Here’s a look at the research we did for the individual exhibit cards in World’s Fair 1893, with tips for researching themes for your own game.

World’s Fair 1893 takes players back in time to experience the wonder of this grand international exposition. In the previous post, I looked at the thematic research that went into deciding the overall structure for the game: the overview, the areas, and the types of exhibits. In this post, I look at the research required to identify all the individual exhibits.


After I finished working through the secondary sources I mentioned in the last post, I spent some time in the bibliography. A good secondary source will have a bibliography that points you back to good primary sources. From The Devil in the White City, I found a another excellent bibliographic source called The Books of the Fairs; this in turn led me to many great primary sources.

As I dug into the bibliographies, I was astounded at how much information about the fair was publicly available. Books and other texts from that time are in the public domain, and many have been scanned and shared online by museums, libraries, and Google Books. The best sources for identifying individual exhibits were Rand McNally’s A Week At the Fair (online at Google Books) and The Book of the Fair (online at the Illinois Institute of Technology). Together these gave me overviews of many exhibits in the different areas that I could explore further.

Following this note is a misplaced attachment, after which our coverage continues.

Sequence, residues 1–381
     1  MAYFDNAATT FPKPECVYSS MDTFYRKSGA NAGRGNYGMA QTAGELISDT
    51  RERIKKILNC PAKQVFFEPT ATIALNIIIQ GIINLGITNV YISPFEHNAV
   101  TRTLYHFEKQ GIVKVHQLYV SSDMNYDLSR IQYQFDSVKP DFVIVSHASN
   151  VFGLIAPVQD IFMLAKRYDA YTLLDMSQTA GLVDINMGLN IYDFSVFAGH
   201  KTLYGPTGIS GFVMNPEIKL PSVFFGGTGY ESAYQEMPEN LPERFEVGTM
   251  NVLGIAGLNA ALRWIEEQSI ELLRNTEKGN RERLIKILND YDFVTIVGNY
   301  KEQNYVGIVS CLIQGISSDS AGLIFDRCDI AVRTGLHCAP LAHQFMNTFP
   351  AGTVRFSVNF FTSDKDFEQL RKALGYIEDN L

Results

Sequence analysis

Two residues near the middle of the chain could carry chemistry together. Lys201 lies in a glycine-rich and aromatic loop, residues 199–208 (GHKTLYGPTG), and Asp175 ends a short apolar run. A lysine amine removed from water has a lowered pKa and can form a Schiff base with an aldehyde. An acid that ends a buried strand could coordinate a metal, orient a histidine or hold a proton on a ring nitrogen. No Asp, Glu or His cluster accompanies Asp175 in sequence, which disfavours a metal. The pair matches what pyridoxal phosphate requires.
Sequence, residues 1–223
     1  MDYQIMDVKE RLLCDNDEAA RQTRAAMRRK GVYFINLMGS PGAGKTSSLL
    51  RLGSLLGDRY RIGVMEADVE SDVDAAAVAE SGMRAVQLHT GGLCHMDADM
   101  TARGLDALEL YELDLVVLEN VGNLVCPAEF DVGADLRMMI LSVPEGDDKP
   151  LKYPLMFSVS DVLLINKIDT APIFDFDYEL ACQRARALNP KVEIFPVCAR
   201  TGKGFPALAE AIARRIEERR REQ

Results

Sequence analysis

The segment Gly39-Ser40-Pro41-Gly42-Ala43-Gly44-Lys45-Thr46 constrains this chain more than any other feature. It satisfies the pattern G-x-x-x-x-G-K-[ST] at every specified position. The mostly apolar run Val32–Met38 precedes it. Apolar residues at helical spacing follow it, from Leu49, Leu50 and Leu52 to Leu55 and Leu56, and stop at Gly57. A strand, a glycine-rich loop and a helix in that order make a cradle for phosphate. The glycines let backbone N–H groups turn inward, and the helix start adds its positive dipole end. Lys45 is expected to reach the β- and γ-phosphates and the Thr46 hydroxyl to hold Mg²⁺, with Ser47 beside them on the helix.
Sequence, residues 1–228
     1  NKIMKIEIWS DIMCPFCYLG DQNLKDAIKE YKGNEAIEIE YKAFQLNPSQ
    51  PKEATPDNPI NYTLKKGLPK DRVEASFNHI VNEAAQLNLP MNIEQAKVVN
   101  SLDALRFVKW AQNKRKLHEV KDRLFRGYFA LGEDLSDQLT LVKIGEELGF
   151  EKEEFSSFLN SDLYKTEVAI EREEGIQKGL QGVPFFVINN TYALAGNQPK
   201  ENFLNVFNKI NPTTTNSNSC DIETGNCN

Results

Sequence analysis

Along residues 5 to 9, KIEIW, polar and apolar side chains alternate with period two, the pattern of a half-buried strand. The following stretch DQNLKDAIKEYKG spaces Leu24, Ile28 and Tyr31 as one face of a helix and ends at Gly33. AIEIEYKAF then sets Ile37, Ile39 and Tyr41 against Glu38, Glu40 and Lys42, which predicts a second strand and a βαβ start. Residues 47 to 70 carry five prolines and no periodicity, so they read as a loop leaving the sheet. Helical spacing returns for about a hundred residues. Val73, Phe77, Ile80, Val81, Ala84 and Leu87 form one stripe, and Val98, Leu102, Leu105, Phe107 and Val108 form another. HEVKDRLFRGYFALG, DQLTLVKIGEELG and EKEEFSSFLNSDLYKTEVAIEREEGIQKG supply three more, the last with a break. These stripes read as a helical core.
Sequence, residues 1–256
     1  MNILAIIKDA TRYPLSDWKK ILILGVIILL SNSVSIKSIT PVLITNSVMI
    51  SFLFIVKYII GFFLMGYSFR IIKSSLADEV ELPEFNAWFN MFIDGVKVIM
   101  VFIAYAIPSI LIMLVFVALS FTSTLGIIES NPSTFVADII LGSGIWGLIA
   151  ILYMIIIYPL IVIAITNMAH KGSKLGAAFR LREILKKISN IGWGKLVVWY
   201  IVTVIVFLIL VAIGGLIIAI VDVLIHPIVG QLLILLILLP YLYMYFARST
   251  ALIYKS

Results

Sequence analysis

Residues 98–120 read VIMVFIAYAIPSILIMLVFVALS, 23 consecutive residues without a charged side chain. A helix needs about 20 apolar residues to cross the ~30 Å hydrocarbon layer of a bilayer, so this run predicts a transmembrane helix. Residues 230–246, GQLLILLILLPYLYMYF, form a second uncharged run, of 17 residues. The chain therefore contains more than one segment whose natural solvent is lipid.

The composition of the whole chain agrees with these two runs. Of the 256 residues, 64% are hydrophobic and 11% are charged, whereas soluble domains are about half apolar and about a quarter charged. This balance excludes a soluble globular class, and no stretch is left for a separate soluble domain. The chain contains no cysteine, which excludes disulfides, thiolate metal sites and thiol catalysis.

I followed many rabbit trails researching individual exhibits. These books had some great overview information, but there was a lot of additional information I found in various places. For example, Scientific American published detailed reports from the fair every week; those are all available to read online. I visited a few libraries in my city, even pulling out a couple of books on microfiche! I spent countless hours reading many primary sources for information to include in the flavor text on the cards.

Here are two examples of many:

• Example 1: The Commercial Cable Company – Pamphlet 

If you visited the Atlantic cable exhibit in the Electricity Building, you might have picked up this pamphlet. The Smithsonian Institute has a scanned copy of it in their online archives:

It details the history of Atlantic cables and the company, and it provides an overview of the exhibit. Page 8 explains how you could send a message from one end of the pavilion to the other, transmitted along the fully-functional model of the company’s cable.
View Pamphlet →

• Example 2: Hagenbeck’s Menagerie – Souvenir Program Book 

After paying 25¢-$1 for a ticket to the show, you may have also paid 10¢ to get a souvenir program book. Internet Archive digitized a copy of one of these books from the University of Illinois at Urbana-Champaign:

This book shows the order of the different acts, along with pictures of some of the animals and the trainers. View Program Book →